The Square (2017)
Written & Directed by Ruben Östlund
Modern art is the topic of many heated discussions. Once upon a time art was just landscapes and Greek sculpture but if you step into a museum of contemporary art now, you’ll find video installations and seemingly random assortments of clutter. The reason why modern art draws the ire of so many is that it doesn’t offer easy answers or even poses questions in ways that are accessible in a single glance. Modern art makes demands of the viewer to look beyond the surface and, sadly, so many people don’t like doing that. To look beyond is to be uncomfortable and enter a realm where you can never be sure of previous assumptions. However, there is a bizarre marketplace at work that injects billions of dollars into modern art and creates inflated value for these objects. In turn, a sense of elitism centered around wealth and prestige has taken old and twisted art into something to be hoarded rather than shared with all.
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Force Majeure (2014)
Written & Directed by Ruben Östlund
Tomas, his wife Ebba, and their two children are on a skiing vacation at a luxury resort in the French Alps. While eating lunch on the deck of a restaurant, they witness a controlled avalanche that suddenly becomes much scarier and looks to threaten their safety. Tomas runs leaving his family behind, but the incident turns out not to be dangerous. The rest of their trip is plagued by the fact that the patriarch abandoned his family in the face of potential death. This is exacerbated when Tomas’ old buddy Mats shows up with his much younger girlfriend, Fanni. Mats tries to defend his pal, but that creates friction in his and Fanni’s relationship. The two men suddenly find themselves questioning their masculinity and place as the “heads of their families.”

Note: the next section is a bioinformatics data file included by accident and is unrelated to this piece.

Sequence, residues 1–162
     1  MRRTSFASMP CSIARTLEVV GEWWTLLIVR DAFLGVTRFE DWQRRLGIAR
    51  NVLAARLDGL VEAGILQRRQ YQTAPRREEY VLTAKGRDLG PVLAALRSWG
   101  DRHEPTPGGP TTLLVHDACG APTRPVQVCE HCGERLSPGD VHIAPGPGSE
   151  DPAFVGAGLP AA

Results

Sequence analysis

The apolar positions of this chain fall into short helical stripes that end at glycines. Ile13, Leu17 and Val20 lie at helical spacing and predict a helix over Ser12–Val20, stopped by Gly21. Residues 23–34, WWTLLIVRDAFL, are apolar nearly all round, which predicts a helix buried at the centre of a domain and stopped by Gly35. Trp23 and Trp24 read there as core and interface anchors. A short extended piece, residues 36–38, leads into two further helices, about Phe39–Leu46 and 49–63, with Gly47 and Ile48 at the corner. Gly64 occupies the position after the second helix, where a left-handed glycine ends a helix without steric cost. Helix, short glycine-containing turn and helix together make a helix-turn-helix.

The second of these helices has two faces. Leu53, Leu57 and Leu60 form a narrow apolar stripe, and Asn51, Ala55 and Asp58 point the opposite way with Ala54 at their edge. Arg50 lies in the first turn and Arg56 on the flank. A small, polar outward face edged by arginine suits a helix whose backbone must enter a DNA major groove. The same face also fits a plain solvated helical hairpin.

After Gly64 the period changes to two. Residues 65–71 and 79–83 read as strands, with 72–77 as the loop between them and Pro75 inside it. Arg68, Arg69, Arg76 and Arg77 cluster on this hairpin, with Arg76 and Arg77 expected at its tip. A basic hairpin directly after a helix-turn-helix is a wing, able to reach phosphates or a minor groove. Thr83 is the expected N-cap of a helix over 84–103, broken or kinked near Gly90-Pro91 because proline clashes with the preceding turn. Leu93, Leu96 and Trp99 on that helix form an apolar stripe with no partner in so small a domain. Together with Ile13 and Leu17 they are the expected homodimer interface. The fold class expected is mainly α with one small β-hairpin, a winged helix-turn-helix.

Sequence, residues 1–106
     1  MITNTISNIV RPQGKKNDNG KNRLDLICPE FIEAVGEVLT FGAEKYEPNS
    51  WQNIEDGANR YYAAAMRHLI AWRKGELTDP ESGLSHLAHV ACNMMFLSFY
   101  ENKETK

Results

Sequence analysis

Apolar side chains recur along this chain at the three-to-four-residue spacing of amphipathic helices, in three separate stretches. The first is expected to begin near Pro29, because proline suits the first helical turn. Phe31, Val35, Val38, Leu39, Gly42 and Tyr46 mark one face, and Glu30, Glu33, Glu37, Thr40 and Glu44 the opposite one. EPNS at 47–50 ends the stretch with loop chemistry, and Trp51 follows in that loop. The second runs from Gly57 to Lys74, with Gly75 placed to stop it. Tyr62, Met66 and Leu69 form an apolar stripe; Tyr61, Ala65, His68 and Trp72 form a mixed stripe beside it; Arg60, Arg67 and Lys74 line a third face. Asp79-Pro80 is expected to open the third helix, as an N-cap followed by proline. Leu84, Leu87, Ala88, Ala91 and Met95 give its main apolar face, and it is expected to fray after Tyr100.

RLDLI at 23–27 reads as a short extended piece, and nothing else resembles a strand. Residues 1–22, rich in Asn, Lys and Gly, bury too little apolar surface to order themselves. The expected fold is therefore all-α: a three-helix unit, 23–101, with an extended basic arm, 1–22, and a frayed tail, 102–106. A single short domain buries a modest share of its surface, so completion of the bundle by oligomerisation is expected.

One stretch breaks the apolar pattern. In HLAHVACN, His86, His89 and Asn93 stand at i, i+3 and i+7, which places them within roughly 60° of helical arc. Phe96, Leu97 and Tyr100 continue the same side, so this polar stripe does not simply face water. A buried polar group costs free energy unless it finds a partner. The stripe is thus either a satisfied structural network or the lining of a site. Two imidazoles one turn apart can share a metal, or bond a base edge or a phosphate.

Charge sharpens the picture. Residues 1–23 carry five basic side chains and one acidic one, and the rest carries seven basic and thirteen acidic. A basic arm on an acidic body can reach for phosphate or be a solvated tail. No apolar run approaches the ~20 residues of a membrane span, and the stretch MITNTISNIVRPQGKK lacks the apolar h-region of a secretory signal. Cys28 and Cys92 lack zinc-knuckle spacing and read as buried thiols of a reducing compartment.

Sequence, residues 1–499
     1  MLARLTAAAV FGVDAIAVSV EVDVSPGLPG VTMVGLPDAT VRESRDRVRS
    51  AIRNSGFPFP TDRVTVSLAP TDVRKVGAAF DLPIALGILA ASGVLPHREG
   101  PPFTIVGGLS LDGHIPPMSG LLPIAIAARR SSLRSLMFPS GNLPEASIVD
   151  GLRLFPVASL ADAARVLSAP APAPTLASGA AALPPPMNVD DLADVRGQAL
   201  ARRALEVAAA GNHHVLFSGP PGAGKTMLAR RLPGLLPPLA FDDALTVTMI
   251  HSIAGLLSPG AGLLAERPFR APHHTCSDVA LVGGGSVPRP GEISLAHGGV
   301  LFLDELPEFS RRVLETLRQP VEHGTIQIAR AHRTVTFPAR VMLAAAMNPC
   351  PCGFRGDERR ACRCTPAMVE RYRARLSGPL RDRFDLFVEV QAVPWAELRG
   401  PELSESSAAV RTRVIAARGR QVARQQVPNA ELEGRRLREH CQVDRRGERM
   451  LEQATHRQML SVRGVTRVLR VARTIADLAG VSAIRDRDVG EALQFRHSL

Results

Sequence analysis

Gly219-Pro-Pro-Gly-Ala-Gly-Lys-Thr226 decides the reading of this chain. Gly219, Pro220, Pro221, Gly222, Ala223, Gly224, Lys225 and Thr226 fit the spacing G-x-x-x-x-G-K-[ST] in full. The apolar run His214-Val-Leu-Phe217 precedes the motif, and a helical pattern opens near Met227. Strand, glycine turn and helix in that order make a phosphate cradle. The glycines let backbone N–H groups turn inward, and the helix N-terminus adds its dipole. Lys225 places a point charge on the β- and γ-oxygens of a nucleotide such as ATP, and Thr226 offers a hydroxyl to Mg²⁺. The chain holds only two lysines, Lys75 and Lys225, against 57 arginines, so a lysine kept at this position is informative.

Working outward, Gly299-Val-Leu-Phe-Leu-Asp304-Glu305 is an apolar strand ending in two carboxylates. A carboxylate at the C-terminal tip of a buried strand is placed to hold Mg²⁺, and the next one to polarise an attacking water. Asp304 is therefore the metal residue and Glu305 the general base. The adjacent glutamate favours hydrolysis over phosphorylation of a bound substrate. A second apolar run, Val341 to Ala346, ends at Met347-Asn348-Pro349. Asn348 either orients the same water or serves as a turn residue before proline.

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The Hunt (2012)
Written by Tobias Lindholm & Thomas Vinterberg
Directed by Thomas Vinterberg
Lucas has ended up at preschool after budget cuts to the high school. Despite the significant shift in students’ ages, Lucas has made the transition fairly smoothly, looking after the young children of many of his friends. One of those children is Klara, a five-year-old who develops a crush on the man. During playtime at the school, Klara kisses Lucas on the lips which stuns him. He quietly admonishes her and moves on. That evening Klara sits waiting for her mother to pick her up she strikes up a conversation with the headmistress of preschool. Jumbling together her embarrassment over Lucas and pornography she saw her brother and his friend looking at earlier she rattles off a story about Lucas showing her his genitals. This snowballs until multiple children in the town are also claiming to have been abused by Lucas, caught up in a mob mentality. Lucas’ standing in the community quickly crumbles to pieces as does his sanity.
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Written by Ali Abbasi, Isabella Eklöf, & John Ajvide Lindqvist
Directed by Ali Abbasi
Tina lives a secluded life, markedly different from everyone around her from a chromosomal abnormality compared to the humans that populate her world. She has a pronounced brow ridge and protruding teeth recalling images of long-extinct Neanderthals. What makes her valuable to people is her ability to smell guilt and shame making her a perfect customs agent at a Swedish port of entry. After years of ferreting out contraband, she eventually meets a man who shares her facial deformities and seems to be beyond her ability to detect evil. There is an attraction between them that develops and leads Tina to discover the truth about her past and the lies she has been told her whole life.